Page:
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B'Twin Count 8 Counter computer



Cheap, dependable and easy to set up computer that still offers enough basic data fields to be useful

At every product is thoroughly tested for as long as it takes to get a proper insight into how well it works. Our reviewers are experienced cyclists that we trust to be objective. While we strive to ensure that opinions expressed are backed up by facts, reviews are by their nature an informed opinion, not a definitive verdict. We don't intentionally try to break anything (except locks) but we do try to look for weak points in any design. The overall score is not just an average of the other scores: it reflects both a product's function and value – with value determined by how a product compares with items of similar spec, quality, and price.

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In a time where GPS computers and Strava are dominating the ride-logging market, the humble magnetic cycle computer is often overlooked. Indeed B'Twin's Count 8 is the first magnetic one I have used in a very long time.

The Count 8 sits in the middle of B'Twin's three-strong Count computer range. It benefits from displaying slightly more data than its lower counterpart, the Count 4, but also slightly less than that available from the top end Count 14.

As it stands, the Count 8 offers — startlingly, considering its name — eight different functions: instant/average/maximum speeds, an odometer and a trip distance, a clock, stopwatch, and bar that allows speed comparison with the overall ride average.

The Count 8 is wireless which I prefer; I have always found cycle computer wires a bit of an eyesore. As with most computers, measurements are taken using a magnet attached to one of your spokes and a receiver attached to your fork leg or chain stay. I used the front wheel as B'Twin suggested in the instructions. In hindsight I think the receiver would have been more aesthetically pleasing if I could have tucked it away on the chain stay somewhere but the user guide suggested that there might have been wireless range issues with it that far away.

Setting up the computer was a doddle, attaching the head unit to my stem with a rubber clip akin, making it easy to remove if you lock your bike up in a dodgy place and want to take your computer with you. It can be attached to either the stem or the bars as the mount accepts the unit in two positions at right angles to each other. I found to look a bit neater on the stem. The receiver for the magnet is attached with a similar rubber strap, and then can be further secured with a couple of zip ties, something I found I needed to do to make sure that the receiver stayed in place over bumpier roads.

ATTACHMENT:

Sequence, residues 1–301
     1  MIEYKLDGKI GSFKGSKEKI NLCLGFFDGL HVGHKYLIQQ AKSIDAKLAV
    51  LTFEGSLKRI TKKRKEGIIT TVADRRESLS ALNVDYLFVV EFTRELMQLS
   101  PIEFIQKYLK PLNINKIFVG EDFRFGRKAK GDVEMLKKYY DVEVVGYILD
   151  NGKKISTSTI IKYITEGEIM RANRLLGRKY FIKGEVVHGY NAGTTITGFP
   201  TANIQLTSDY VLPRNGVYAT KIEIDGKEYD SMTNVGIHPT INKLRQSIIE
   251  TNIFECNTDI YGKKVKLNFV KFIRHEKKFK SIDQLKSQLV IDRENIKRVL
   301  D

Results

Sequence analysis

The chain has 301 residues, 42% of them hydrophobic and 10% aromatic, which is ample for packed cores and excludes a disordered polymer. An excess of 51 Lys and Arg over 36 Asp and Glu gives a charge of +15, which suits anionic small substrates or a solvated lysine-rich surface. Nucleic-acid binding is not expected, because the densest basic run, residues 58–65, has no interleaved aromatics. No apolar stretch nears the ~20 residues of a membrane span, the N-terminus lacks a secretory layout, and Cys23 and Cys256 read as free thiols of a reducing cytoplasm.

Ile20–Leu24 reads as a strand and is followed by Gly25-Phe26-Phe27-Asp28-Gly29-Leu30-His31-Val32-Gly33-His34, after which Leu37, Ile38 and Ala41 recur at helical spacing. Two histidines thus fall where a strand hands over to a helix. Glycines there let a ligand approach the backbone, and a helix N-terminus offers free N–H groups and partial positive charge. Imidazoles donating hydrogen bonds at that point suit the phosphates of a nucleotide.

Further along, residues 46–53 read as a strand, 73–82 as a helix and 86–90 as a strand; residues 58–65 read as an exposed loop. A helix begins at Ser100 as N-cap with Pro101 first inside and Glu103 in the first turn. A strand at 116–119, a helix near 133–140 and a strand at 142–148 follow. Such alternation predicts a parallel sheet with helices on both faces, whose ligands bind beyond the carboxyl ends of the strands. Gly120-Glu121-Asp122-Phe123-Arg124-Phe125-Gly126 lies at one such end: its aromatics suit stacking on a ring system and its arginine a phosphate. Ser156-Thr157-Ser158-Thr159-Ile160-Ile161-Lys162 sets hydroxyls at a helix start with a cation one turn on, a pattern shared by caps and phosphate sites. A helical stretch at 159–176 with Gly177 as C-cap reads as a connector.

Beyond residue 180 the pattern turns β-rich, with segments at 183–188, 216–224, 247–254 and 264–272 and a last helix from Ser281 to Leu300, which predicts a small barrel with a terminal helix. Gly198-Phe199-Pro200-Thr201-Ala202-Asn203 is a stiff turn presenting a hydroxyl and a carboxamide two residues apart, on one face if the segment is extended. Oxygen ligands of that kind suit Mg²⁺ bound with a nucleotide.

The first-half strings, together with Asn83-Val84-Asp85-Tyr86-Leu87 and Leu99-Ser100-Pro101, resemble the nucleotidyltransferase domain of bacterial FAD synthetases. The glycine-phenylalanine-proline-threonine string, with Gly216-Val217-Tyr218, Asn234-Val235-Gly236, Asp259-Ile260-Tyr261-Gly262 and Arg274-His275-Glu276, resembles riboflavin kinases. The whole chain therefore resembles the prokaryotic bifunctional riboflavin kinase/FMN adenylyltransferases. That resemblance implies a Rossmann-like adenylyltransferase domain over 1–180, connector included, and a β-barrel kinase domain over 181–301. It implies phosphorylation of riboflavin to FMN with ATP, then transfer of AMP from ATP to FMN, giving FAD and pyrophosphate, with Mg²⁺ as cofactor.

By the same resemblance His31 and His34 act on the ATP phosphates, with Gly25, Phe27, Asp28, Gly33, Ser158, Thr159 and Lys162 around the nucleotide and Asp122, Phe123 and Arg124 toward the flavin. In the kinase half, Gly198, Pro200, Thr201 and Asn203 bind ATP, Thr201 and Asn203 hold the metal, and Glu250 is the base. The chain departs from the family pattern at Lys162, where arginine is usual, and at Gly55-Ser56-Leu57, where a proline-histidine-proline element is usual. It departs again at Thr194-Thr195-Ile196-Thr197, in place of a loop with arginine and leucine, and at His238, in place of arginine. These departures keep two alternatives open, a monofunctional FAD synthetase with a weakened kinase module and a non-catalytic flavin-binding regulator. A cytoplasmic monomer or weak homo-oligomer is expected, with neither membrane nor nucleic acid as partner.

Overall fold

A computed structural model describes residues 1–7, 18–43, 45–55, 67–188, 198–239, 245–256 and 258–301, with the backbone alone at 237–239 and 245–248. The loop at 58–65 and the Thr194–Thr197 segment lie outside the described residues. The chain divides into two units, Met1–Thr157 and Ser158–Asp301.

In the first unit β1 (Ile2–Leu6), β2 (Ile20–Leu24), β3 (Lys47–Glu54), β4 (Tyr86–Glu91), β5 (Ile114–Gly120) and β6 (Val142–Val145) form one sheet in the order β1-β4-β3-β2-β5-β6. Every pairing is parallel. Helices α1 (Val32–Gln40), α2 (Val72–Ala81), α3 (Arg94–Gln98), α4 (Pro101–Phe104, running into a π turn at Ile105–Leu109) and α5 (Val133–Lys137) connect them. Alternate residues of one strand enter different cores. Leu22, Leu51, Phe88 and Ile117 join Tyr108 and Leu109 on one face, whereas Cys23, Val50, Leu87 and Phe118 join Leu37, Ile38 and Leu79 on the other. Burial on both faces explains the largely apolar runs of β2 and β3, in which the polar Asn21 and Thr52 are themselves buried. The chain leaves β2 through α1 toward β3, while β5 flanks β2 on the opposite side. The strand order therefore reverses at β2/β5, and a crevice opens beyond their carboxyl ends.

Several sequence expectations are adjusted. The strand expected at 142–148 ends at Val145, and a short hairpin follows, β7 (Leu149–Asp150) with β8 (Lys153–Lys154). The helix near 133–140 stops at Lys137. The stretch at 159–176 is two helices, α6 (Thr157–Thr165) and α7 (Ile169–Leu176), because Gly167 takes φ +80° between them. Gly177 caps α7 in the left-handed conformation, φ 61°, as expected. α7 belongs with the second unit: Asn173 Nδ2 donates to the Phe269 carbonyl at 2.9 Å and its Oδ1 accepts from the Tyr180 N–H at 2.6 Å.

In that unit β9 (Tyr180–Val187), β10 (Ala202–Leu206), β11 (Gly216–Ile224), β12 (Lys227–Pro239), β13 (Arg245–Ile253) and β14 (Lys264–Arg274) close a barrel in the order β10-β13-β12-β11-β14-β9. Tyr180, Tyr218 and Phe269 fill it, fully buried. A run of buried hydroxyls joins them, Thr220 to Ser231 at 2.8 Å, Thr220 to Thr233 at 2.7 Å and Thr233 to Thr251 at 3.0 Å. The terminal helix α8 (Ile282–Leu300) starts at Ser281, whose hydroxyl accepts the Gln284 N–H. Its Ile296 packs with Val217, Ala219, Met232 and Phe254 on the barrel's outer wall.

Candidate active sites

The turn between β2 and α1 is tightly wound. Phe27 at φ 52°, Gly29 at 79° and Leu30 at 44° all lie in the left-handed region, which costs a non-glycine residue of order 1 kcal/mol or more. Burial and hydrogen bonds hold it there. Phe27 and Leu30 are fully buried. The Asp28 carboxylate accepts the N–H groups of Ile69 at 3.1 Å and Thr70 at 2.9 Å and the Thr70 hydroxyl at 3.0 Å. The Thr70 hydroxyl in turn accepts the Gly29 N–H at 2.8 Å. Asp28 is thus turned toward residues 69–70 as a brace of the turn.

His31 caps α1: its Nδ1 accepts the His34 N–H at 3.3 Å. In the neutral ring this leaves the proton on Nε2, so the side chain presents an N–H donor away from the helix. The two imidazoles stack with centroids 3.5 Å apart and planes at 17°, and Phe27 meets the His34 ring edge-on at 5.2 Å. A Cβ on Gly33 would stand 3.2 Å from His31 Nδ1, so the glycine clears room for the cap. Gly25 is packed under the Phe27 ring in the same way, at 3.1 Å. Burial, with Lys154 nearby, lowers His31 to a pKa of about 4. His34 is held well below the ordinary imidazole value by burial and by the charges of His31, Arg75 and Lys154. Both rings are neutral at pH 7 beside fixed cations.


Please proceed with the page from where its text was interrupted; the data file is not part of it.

There is a menu within the head unit to ensure that the correct wheel size for you bike is logged. Unlike some computers, it uses a user definable input for the circumference of the bike wheel, useful if you are running a particularly unusual wheel/tyre combo. B'Twin provide a chart in their instructions for all the conventional combinations of wheels and tyres in order to save you having to get the tape measure and chalk out on your bike in order to get the circumference of your wheels.

In use, I found the Count 8 to be a simple and dependable little unit. Granted it won't provide you with the enormous array of data and online Strava bragging rights but I was never left particularly wanting for anything on my rides during the last month. It had all the key measures (well maybe apart from total ascent) that tell me if a ride is easy or hard.

Battery life is unsurprisingly excellent, I didn't have to even consider replacing the button battery in the testing period, and there were no glitches or oddities to worry about.

The unit is operated by three buttons: one on the top of the unit to power it up, and then two below the screen to cycle back and forth between available data fields on the screen - which sit below a large readout of your instantaneous speed. It was nice to have a forward and back button to cycle through the data fields as I find it frustrating when you can only have one button on a computer, and then miss the data set you were trying to find and have to go back through all the screens again. While we're on the screen, I found it to be very easy to read but bear in mind there is no backlight if you are planning on riding in the dark.

The conventional cycle computer gets a lot less attention with the advent of GPS computers, but if you are looking for a very cheap and simple way to measure your speed and distance, they are still a great shout. The Count 8 is an excellent example, offering just enough to satisfy a usual Stravantie like me - and for a penny under 20 quid I couldn't really ask for much more on my commuter bike. B'Twin also offer you a two year warranty in the unlikely event that something does go wrong with the Count 8.